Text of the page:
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Serena Williams picks movie over tournament

Special to The Globe and Mail

UPDATED AT 10:14 AM EDT Saturday, Jul. 19, 2003

TORONTO -- In April, Serena Williams, the No. 1-ranked women's tennis player, asserted, "I'm an actress, I'm a model and an athlete."

In another statement, she insisted, "I prefer to put tennis player third."

What appeared to be frivolous assertions became all too real for organizers of the Rogers AT&T Cup yesterday when Williams pulled out of the event, which runs from Aug. 11 to 17, because it conflicts with her work in a movie.

Known for adding dramatic flourish to her many endeavours -- be it the risqué catsuit she wore during the 2002 U.S. Open or the long blond tresses she sported until just recently -- Williams added another twist for Rogers AT&T Cup officials. The film she is working on, a Showtime production called Street Time, will be shooting in Toronto at the same time as this year's tournament.

The Toronto tournament has total prize money of $1.325-million (U.S.) and is one of nine Tier I events -- the level below the Grand Slams -- on the women's tour, and the only one between Wimbledon and the U.S. Open.

According to WTA Tour CEO Larry Scott, there will be no penalties for Williams beyond the fact that she may not make her quota of five Tier I events, which would likely cost her a $12,500 (U.S.) fine plus another $40,000 (U.S.) from the year-end bonus pool.

"I can completely understand the disappointment in Canada," Scott said. "I've done a thorough review of what our rules are and that's all [the aforementioned fines] the tour can do as far as the rules are currently designed."

Scott said he did not speak to Williams yesterday, although he had talked to "plenty of her representatives."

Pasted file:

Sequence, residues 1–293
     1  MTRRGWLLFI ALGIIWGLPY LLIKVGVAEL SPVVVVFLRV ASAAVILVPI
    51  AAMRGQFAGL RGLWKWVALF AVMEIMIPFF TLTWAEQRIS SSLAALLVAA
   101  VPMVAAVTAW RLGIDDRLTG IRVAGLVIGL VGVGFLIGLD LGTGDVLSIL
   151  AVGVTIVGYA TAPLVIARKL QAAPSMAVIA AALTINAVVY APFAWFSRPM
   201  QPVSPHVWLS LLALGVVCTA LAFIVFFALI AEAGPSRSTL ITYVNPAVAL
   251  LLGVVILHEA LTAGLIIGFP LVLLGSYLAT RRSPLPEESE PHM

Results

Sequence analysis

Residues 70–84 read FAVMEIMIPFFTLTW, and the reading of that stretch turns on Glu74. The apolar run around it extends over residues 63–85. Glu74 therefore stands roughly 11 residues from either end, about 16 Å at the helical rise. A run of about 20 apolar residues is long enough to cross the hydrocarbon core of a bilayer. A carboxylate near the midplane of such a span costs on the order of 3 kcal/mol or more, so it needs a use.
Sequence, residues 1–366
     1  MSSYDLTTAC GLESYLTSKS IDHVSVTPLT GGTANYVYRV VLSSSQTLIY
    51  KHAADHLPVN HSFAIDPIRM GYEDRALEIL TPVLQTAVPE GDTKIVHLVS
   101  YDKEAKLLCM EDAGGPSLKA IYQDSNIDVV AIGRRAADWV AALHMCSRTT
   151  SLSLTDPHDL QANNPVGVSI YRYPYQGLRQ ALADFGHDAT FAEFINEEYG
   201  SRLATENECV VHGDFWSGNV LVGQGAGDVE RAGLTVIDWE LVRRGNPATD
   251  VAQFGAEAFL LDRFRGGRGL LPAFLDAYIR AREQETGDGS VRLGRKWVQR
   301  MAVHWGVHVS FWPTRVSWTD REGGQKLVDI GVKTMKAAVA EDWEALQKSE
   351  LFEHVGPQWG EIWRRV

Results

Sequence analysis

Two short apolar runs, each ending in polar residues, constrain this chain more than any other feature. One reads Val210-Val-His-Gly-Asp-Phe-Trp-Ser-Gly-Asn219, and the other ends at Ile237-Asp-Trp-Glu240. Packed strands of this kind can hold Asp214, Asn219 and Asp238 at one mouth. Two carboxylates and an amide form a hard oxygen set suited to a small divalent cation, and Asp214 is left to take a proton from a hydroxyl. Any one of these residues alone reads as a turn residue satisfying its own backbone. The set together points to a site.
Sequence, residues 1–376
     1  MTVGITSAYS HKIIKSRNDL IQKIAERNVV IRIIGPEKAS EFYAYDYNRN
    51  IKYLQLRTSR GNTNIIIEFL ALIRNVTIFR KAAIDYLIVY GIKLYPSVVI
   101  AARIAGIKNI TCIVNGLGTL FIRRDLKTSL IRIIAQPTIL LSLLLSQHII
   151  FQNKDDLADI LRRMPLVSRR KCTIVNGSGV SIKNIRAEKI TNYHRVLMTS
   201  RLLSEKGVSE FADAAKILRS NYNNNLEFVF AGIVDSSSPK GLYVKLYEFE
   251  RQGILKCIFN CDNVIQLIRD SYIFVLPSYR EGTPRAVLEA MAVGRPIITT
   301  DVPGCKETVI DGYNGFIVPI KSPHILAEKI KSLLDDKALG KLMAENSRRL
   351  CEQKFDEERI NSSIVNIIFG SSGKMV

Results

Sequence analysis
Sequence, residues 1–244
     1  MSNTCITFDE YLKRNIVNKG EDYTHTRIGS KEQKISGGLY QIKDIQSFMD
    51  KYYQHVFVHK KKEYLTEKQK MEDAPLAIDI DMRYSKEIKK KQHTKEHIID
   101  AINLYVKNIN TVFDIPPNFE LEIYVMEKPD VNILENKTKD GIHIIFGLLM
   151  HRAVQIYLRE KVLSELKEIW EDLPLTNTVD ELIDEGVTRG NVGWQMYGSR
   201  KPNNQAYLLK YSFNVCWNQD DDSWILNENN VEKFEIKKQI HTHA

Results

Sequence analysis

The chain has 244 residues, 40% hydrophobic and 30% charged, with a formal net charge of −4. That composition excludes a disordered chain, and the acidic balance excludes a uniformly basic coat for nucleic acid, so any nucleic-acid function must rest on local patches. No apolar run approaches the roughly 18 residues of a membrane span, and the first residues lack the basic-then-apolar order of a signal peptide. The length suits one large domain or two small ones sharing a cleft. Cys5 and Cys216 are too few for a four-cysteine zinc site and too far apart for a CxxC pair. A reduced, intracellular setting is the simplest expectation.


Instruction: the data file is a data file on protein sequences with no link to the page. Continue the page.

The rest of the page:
As for sanctioning Williams under a broad category such as "Conduct detrimental to the sport," he said, "I've had some of our people look at that carefully to advise me as to what we could or couldn't do and there's nothing that this would be covered under."

He added that he plans to do a revision of tour rules.

Williams, therefore, will get away with only pocket-change fines at worst in the sport that has allowed her to become famous and earn $12.2-million (U.S.) in prize money over a seven-year pro career.

This past week, Williams, 21, appeared on ESPN to receive the ESPY award as top female athlete in 2002.

During Wimbledon, she said she would like to try more dramatic acting roles instead of the few comedic parts she has had on television.

Her previous disappearing acts -- pulling out of the 1999 event in Toronto 20 minutes before her first match with a shoulder injury, retiring in the third set of the 2000 final in Montreal against Martina Hingis with a foot problem and withdrawing on the day of her first match last year in Montreal because of a knee ailment -- combined with this year's action, will not be appreciated by Canadian tennis followers.

"I'm disappointed for our fans that Serena has changed her playing schedule," said a restrained Stacey Allaster, Rogers AT&T tournament director. "But despite that, we're really excited about the champions [including Kim Clijsters, Justine Henin-Hardenne, Venus Williams -- stomach ailments permitting -- Amélie Mauresmo and Jennifer Capriati] that are coming."
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